Please note that the Supreme Court has been hearing and deciding the fate of many government officials who have been given extensions or have been re-employed after their retirement. How will the court hear such cases anymore?  What will be its credibility in other cases?

Courtesy: Aaj News TV (Aaj Ki Khabar – 15th February 2011)

via – ZemTVYou Tube Link

Some interesting anecdotes from Mr. Suleyman Schwartz

From San Francisco to Sarajevo – by Michael J. Totten

Stephen Schwartz was raised a communist in the San Francisco Bay Area and once worked for the Cubans. Then he became a Republican and converted to Islam in the Balkans. When he’s not busy with his duties as the director of the Center for Islamic Pluralism, he writes books and articles for magazines like The Weekly Standard.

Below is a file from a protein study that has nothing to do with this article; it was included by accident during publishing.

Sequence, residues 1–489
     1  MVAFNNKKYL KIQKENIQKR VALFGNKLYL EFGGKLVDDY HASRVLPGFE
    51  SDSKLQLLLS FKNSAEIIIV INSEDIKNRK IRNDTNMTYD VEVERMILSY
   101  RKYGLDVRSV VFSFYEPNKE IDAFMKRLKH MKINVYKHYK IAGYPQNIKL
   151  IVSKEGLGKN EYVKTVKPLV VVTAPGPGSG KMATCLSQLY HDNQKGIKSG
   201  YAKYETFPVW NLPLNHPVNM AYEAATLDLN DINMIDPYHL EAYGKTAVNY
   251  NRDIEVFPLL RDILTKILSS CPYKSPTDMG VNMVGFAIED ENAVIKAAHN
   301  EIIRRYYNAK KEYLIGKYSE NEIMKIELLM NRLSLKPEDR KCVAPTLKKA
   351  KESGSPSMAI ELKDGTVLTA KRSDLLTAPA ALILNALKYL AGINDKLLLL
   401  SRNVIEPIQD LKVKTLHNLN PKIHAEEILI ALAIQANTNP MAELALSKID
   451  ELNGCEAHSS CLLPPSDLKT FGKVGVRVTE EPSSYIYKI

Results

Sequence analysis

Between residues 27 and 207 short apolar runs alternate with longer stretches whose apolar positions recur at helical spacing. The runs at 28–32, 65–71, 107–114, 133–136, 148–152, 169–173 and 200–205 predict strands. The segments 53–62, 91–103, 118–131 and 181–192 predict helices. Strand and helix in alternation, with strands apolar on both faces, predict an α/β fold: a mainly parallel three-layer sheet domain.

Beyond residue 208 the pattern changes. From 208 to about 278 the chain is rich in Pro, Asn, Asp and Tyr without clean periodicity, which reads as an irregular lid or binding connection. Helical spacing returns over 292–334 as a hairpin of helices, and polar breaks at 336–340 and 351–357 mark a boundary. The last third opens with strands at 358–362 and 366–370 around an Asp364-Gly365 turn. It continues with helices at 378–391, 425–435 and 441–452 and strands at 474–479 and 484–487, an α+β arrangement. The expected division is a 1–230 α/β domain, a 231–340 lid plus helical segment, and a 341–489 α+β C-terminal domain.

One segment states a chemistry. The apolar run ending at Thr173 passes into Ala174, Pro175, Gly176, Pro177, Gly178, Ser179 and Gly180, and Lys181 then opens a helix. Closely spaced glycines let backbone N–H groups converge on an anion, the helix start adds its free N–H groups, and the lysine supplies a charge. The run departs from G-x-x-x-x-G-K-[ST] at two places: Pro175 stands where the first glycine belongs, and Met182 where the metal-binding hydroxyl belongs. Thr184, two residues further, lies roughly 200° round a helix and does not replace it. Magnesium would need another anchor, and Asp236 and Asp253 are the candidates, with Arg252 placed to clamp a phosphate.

His analysis of the Middle East and the Muslim world generally is more fresh and interesting than that of most. He is the first Westerner to use the word “Islamofascism” to describe the “use of the faith of Islam as a cover for totalitarian ideology,” and he did so not as an “Islamophobe” but as a Muslim believer. Those who yearn to hear from moderate Muslims, and those who have somehow convinced themselves that the likes of the Muslim Brotherhood are the moderates, really need to hear what he has to say.

MJT: So, what are your thoughts on Egypt?